It is in the second year (and beyond, in some cases) where things get a bit trickier. After the first twelve months of employment, the plan may elect to continue to utilize the same 12-month period beginning on each anniversary of employment. However for some plans, this can be difficult for their operating systems to handle, since each employee not hired on the same day would have a different eligibility computation period for hours of service and eligibility. Thus, the regulations permit a plan to switch the eligibility computation period, beginning with the plan year that includes the employee’s first anniversary of employment (i.e., the last day of the first 12-month eligibility computation period), so that all employees will eventually have the same timeframe (the plan year) for hours and eligibility calculation. The Experts believe that this option is what may have been elected in your plan; you can confirm by reviewing the eligibility section of your plan document.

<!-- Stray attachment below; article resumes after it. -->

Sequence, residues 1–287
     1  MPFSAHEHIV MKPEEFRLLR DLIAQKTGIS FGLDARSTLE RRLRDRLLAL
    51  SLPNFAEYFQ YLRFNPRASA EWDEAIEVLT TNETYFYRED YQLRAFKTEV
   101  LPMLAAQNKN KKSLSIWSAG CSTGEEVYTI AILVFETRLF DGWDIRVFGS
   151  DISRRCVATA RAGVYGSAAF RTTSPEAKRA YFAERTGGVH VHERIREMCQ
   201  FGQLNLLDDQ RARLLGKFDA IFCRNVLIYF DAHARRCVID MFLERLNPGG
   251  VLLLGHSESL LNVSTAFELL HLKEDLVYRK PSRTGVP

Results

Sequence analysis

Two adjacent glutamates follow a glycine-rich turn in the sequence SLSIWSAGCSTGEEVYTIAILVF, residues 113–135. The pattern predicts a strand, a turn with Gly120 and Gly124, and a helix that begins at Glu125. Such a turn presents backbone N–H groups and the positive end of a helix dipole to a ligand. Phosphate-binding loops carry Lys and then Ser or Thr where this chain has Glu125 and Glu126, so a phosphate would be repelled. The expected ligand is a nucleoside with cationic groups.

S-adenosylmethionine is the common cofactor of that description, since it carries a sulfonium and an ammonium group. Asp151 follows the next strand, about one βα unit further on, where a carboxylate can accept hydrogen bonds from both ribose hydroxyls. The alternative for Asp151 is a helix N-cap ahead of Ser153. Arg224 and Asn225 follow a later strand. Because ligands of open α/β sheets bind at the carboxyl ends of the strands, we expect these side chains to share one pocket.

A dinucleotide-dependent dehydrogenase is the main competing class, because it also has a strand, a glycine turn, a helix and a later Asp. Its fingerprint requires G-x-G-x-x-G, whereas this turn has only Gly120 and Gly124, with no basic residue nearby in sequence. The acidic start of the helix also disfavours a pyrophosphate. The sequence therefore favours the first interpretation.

Here is an example as to how the plan year election can cause an employee to satisfy a two-year service requirement prior to his/her second anniversary. Let’s say Jane has the following service record for a plan with a calendar-year plan year.

 

Date of Hire: 4/15/2016

 

# of hours worked 4/15/2016-4/14/2017: 1,500

# of hours worked 1/1/2017-12/31/2017: 1,600

 

In a plan that elected a plan year calculation following the initial year of service, Jane would satisfy the two-year service requirement on 12/31/2017, even though her second anniversary will not occur until 4/15/2018.

 

 

NOTE: This feature is to provide general information only, does not constitute legal advice, and cannot be used or substituted for legal or tax advice.

 

Do YOU have a question for the Experts? If so, we would love to hear from you! Simply forward your question to Rebecca.Moore@strategic-i.com with Subject: Ask the Experts, and the Experts will do their best to answer your question in a future Ask the Experts column.